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Dealing with e-waste

The following headline on the BBC News website caught my eye this morning: "UN warns on e-waste mountain." Perhaps it is because I had recently watched "Manufactured Landscapes" - a superb Canadian documentary that featured many depressing scenes of poor Chinese people picking through massive piles of electronic waste (e-waste).(1) The commentary in the film stated at much of this waste came from the world's wealthiest nations, a fact supported by the United Nations Environment Program which has estimated that they generate up to 50 million tonnes of discarded electronic products annually. (2)

GMO's and Biofuels

"Trade ruling on GM foods should help Canadian farms," declares the headline to an article posted on CBC News website. (1). It seems the European Union has been forced to open its markets to genetically-modified organisms. One of the pressures to do so came from the rapidly increasing demand for oilseeds such as canola which are used to produce green fuels or biofuels. Isn't interesting how the solution for one problem becomes the cause of another?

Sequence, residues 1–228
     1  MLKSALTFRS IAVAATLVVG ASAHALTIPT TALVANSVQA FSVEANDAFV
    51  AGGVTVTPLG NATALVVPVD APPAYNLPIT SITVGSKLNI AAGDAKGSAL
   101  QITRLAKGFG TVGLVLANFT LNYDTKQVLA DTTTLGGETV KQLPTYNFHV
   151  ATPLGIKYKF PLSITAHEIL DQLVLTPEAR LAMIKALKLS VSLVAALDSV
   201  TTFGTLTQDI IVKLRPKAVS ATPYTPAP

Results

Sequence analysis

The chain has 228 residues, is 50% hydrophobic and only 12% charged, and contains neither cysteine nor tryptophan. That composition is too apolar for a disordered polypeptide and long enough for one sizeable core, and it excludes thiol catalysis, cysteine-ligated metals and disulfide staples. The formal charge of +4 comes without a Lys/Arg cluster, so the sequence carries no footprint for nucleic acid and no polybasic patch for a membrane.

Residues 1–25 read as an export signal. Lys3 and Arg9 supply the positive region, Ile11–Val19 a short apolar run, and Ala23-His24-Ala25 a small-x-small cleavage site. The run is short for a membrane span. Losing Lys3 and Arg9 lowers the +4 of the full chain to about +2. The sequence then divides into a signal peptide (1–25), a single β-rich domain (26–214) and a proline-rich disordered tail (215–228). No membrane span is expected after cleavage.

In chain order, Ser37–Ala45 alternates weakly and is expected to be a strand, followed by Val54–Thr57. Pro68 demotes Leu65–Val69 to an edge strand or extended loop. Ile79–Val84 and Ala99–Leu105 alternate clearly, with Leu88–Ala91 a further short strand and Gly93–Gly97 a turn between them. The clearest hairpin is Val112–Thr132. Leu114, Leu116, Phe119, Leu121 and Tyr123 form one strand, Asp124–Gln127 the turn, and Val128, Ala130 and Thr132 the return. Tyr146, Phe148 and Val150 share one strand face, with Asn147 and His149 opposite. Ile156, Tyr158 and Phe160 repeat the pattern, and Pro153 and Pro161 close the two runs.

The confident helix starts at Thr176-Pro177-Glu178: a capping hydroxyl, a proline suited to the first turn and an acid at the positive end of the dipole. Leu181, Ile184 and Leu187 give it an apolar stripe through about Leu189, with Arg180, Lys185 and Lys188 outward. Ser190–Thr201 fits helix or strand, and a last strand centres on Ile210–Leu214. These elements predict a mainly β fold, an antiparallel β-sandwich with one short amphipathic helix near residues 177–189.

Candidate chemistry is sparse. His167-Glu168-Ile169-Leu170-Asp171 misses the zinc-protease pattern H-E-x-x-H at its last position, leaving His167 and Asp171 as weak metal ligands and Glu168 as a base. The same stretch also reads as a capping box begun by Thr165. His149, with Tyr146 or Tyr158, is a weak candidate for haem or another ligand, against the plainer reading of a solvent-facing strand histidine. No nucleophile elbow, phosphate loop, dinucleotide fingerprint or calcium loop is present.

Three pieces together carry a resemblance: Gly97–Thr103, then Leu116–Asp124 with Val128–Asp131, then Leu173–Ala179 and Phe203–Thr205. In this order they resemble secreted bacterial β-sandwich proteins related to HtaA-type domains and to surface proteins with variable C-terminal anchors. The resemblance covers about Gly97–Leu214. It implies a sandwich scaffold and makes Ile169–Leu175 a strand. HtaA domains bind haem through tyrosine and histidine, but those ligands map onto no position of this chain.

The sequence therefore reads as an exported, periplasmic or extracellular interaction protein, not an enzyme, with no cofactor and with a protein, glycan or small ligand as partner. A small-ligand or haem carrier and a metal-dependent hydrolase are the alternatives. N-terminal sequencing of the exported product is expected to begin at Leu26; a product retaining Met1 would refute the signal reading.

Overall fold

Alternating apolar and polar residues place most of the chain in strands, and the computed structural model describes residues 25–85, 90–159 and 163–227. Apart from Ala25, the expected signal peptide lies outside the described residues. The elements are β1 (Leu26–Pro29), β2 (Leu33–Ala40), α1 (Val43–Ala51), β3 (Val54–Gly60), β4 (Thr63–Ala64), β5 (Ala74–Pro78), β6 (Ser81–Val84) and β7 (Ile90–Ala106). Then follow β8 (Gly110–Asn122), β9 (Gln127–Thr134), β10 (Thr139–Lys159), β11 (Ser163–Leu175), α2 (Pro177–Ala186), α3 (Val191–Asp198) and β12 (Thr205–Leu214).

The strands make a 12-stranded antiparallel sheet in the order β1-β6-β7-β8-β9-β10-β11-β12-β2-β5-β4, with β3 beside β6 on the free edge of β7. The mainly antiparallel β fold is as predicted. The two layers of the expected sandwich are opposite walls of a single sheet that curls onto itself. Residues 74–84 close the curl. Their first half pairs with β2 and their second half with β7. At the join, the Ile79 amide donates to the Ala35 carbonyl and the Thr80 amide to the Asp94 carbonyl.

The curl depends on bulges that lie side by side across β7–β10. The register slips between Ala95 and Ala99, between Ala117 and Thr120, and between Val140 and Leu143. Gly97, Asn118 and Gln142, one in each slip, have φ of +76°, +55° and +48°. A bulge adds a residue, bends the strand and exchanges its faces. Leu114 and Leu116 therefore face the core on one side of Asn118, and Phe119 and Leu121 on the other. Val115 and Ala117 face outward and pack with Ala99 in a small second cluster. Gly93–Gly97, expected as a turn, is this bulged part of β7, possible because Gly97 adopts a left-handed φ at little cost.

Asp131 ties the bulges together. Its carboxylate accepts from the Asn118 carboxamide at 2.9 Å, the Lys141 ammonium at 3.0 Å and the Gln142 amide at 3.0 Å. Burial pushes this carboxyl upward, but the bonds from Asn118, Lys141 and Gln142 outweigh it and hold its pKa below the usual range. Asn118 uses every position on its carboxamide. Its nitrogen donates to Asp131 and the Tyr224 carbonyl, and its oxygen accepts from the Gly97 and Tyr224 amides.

Shell and the Niger Delta

I see that the price of oil is once again on the rise. As of today, light sweet crude is fetching slightly more than $60 US a barrel.The increase has been attributed to the continuing decline in the US dollar and to increased violence in Nigeria.

As I've learned in recent months, oil comes in many grades depending on such things as viscosity (how easily a fluid flows) and impurities (primarily hydrogen sulfide and carbon dioxide). Light sweet crude has high viscosity and low impurity content, making it less expensive to refine, most often into gasoline. Not surprisingly it is in high demand globally. It is also running out.

International Herald Tribune OPED pieces

climate change oped http://www.iht.com/articles/2005/12/13/opinion/edlopouk.php protected areas oped http://www.iht.com/articles/2005/06/15/opinion/ednikita.php

Biosphere Navigation

As I stepped out of my car this morning, the wind pressed against my face like a moving wall of ethereal liquid. It interrupted my soliloquy of thought and consideration; its largesse surrounded and swirl-rounded me; like a fast-flowing-river around a stationary boulder (!). It was a vast, moving, corporeal wall that extended away above, like a rolling wave, and rolled over me as a pebble on the rushing creek bed.

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